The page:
Keen to help, when John was introduced to Dyfrig Davies, the younger brother of one of his local dairy clients, he spotted an opportunity. John still describes Dyfrig as a ‘dairy fanatic’!   Hugely impressed by the youngster’s work ethic, his commitment to dairy farming combined with an interest in genetics, breeding and stock, he soon realised that Dyfrig, who had worked at neighbouring farms from an early age, was a very able and likeable young herdsman who despite his youth, had acquired a huge amount of practical knowledge and hands-on experience.

Dyfrig, then in his early twenties, was single, living at home quite close to Berllan Dywyll, earning a good income from contract dairying and as he freely admits, with very few responsibilities in life!

John says Dyfrig took some persuading that he also needed a long-term plan if he wanted to progress beyond being a contract herdsman, working long, demanding hours without prospect of any personal career development. Fortunately, his older, more experienced brother Meurig realised that mentoring and a gentle but persuasive steer was called for if Dyfrig was to have the confidence to take on the new challenge of working alongside this hugely experienced farmer.

The ‘match’ was made and ten years later, Dyfrig freely admits that Bryan’s offer was ‘the chance of a lifetime’.  The trial arrangement proved so satisfactory for both families, that months extended seamlessly into years.  In 2015, thanks to the support which had become available through Farming Connect’s Venture programme, the partnership received fully funded business, financial and legal advice which enabled them to create a balanced formal agreement, working out how best to share both the rewards and risks of the joint venture.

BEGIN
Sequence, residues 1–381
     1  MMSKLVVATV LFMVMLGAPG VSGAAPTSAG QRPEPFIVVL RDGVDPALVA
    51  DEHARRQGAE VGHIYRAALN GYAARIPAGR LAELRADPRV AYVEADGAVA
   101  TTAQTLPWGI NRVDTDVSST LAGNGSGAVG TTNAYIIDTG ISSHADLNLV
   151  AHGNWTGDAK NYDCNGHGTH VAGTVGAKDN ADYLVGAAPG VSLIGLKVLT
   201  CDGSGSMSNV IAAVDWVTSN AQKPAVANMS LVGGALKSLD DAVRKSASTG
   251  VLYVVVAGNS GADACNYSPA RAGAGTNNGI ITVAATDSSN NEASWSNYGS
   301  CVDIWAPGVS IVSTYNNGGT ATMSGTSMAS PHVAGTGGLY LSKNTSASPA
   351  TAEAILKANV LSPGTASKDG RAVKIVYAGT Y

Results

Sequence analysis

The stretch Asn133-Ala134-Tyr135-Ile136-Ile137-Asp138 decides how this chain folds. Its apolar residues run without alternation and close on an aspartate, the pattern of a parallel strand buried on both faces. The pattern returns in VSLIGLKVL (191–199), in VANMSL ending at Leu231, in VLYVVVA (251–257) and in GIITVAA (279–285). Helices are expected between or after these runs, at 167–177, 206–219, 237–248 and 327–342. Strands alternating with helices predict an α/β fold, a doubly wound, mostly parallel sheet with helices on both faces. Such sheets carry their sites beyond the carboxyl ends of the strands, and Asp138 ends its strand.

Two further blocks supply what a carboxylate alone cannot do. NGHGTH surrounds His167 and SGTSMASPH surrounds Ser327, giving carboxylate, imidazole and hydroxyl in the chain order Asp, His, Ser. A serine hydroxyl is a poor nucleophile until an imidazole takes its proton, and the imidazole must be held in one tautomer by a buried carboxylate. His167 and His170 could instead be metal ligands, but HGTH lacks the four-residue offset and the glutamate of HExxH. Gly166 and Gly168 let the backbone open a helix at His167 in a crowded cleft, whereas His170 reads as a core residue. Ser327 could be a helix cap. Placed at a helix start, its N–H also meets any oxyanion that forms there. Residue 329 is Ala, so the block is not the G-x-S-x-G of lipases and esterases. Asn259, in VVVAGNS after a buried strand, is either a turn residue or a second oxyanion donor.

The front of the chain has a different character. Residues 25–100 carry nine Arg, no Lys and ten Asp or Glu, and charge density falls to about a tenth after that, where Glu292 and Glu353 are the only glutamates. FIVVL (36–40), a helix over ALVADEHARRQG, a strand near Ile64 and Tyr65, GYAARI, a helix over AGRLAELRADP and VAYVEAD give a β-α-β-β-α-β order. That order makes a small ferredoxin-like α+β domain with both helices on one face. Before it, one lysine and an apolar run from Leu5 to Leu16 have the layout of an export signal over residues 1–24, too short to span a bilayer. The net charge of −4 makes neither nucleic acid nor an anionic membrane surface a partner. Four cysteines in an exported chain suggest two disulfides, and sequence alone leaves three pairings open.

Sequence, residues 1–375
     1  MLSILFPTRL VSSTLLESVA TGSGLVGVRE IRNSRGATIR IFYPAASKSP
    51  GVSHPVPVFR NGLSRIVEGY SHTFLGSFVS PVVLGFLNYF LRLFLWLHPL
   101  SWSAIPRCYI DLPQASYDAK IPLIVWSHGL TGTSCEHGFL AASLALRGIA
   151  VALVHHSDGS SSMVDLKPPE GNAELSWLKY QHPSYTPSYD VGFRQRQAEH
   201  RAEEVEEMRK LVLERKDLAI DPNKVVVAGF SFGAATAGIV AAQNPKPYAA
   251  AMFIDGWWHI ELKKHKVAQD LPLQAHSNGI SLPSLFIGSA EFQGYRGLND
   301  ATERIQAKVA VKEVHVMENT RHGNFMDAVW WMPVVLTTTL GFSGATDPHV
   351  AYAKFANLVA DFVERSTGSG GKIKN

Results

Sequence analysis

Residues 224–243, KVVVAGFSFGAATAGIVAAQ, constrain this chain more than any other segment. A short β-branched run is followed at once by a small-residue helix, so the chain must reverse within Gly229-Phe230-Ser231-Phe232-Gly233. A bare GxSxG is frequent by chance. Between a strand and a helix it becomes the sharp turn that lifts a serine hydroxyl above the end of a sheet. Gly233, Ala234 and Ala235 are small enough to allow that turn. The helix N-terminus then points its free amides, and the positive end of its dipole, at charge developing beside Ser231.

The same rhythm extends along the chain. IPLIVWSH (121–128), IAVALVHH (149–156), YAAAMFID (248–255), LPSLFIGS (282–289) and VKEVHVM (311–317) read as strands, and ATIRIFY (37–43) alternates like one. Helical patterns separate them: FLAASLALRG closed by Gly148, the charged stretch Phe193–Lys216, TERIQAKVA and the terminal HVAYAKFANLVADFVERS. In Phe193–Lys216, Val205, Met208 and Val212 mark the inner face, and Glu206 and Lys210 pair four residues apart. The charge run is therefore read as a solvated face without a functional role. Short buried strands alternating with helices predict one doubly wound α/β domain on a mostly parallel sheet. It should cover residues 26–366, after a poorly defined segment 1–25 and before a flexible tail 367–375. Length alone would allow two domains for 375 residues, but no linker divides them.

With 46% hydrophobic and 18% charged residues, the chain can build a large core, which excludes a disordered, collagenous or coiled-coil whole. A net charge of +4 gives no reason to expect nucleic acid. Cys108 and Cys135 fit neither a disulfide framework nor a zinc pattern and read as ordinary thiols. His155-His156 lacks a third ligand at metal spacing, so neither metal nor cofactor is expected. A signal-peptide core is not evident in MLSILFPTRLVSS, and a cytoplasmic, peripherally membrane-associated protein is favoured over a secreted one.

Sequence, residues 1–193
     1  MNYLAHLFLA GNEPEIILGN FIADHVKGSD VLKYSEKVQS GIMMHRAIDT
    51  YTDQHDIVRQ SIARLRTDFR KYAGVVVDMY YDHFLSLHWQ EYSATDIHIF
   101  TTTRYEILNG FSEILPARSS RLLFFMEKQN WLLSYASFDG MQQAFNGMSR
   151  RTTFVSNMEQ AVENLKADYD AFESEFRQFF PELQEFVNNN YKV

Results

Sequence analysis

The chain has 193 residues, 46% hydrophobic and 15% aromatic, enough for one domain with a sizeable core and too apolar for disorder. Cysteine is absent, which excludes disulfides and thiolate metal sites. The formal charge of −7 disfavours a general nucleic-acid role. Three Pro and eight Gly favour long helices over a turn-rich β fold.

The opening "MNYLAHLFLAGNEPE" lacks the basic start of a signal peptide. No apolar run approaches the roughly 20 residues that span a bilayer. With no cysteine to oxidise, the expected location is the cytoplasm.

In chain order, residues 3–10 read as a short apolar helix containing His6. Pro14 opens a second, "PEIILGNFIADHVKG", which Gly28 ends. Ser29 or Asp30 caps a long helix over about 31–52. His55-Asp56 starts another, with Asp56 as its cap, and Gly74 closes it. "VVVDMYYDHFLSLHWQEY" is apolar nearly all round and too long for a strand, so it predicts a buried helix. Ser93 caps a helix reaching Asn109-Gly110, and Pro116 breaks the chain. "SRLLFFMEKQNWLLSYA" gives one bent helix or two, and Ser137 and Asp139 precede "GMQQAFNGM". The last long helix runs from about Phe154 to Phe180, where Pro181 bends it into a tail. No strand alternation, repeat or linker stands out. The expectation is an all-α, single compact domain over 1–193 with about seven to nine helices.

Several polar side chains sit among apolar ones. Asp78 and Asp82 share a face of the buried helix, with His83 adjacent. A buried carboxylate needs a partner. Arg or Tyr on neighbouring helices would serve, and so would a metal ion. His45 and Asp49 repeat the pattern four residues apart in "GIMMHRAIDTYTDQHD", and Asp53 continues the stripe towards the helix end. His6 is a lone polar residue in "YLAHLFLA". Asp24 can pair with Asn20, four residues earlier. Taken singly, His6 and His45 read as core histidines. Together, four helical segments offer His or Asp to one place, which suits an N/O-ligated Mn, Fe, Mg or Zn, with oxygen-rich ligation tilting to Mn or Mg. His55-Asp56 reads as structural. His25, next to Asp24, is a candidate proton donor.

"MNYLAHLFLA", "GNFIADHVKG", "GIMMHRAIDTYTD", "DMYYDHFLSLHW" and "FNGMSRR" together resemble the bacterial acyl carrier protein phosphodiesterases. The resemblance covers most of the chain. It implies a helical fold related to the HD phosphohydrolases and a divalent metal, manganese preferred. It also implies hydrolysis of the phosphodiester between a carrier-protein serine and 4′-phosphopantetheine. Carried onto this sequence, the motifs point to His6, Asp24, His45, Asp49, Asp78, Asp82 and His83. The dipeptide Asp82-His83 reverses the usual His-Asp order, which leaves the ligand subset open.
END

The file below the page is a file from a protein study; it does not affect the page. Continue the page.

“Thanks to the Venture programme, both parties received customised support which enabled them to address the technical and relationship-building aspects of creating a strong and successful business-to-business relationship so that they have a formal balanced agreement within an appropriate legal framework,” says John.

By today, there is a four-strong partnership which goes from strength to strength at Berllan Dywyll.  Dyfrig now in his early thirties, is a full time farmer, with a personal stake in this very successful farm and a family man too!  Together with wife Anjulie and their two small sons, the couple live in a spacious, comfortable detached house, just a few hundred yards from the main farmyard.

For Bryan and Mary, the arrangement means they have been able to stay at their family farm while also scaling back their involvement and day to day commitment, knowing that the future direction of the farm will one day be in Dyfrig’s very competent and loyal hands.